The Australian dollar will peak at $1.05 once the Reserve Bank raises interest rates later this year, predicts National Australia Bank senior currency strategist John Kyriakopoulos, but following this cyclical retreat he forecasts a long-term average which may surprise.
Kyriakopoulos believes the long-term average of the AUD will be US$0.90, about 30 per cent higher than the average of the local currency since its float, for at least the next 10-15 years as the China-driven mining boom plays out. The strategist was addressing a lunchtime crowd of super fund and funds management staffers in Sydney.
The greatest risk to this scenario was a Chinese ‘hard landing’, although he cited recent Chinese Government efforts to cool its economy as encouraging signs of its fiscal credentials. The continued diminution of the USD’s role as ‘the’ global reserve currency was also used by Kyriakopoulos to support his case, although he added the AUD would depreciate in future years against the Korean won and, eventually, a more freely-floated Chinese renmimbi.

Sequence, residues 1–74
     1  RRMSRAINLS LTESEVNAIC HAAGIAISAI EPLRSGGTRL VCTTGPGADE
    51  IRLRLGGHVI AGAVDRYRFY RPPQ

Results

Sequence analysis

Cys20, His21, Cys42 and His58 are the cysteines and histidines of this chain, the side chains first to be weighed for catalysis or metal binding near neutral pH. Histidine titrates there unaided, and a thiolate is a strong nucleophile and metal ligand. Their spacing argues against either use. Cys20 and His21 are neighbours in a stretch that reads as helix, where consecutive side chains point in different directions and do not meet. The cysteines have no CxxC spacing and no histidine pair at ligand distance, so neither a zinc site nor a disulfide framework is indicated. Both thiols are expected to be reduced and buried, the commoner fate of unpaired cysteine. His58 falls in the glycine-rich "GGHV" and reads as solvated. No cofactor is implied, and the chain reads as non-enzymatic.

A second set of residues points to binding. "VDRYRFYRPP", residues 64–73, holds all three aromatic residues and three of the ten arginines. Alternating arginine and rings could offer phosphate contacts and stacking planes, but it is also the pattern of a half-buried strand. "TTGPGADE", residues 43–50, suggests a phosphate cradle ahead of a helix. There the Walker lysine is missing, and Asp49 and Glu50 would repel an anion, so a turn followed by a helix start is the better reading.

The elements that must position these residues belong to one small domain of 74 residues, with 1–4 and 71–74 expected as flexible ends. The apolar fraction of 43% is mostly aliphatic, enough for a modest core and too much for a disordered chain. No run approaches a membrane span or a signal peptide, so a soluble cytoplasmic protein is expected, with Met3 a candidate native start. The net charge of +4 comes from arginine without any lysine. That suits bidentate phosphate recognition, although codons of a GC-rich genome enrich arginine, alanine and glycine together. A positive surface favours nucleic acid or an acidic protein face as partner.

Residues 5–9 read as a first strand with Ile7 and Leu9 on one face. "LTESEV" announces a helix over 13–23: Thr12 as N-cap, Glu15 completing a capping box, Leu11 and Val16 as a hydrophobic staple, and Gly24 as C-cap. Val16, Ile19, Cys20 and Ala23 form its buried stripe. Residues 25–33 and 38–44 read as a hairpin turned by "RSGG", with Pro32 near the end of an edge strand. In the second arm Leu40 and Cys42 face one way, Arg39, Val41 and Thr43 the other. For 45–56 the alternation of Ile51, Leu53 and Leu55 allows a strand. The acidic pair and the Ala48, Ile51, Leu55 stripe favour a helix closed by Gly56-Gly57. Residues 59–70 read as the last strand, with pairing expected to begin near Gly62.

With the AUD’s current position just above USD parity ‘testing everyone’s views” on the currency, NAB’s head of funds manager relations Donald Hellyer observed that managed fund operators and super funds were revisiting their hedging strategies, particularly in regards to having sufficient liquidity to fund currency forward contract rolls in a scenario of severe currency volatility.
NAB currency strategist Danica Hampton used the liquidity argument to address a question from the floor about why the bank favoured three-month terms on currency hedging contracts. She admitted that while a one-month roll produced a hedge more in line with underlying risks, the need for the hedger to keep coming up with cash each month was a challenge. A three-month roll reduced this challenge while also fulfilling its currency risk reduction purpose – Hampton pointed out that contracts longer than three months actually increased the volatility of the portfolios to which they were applied.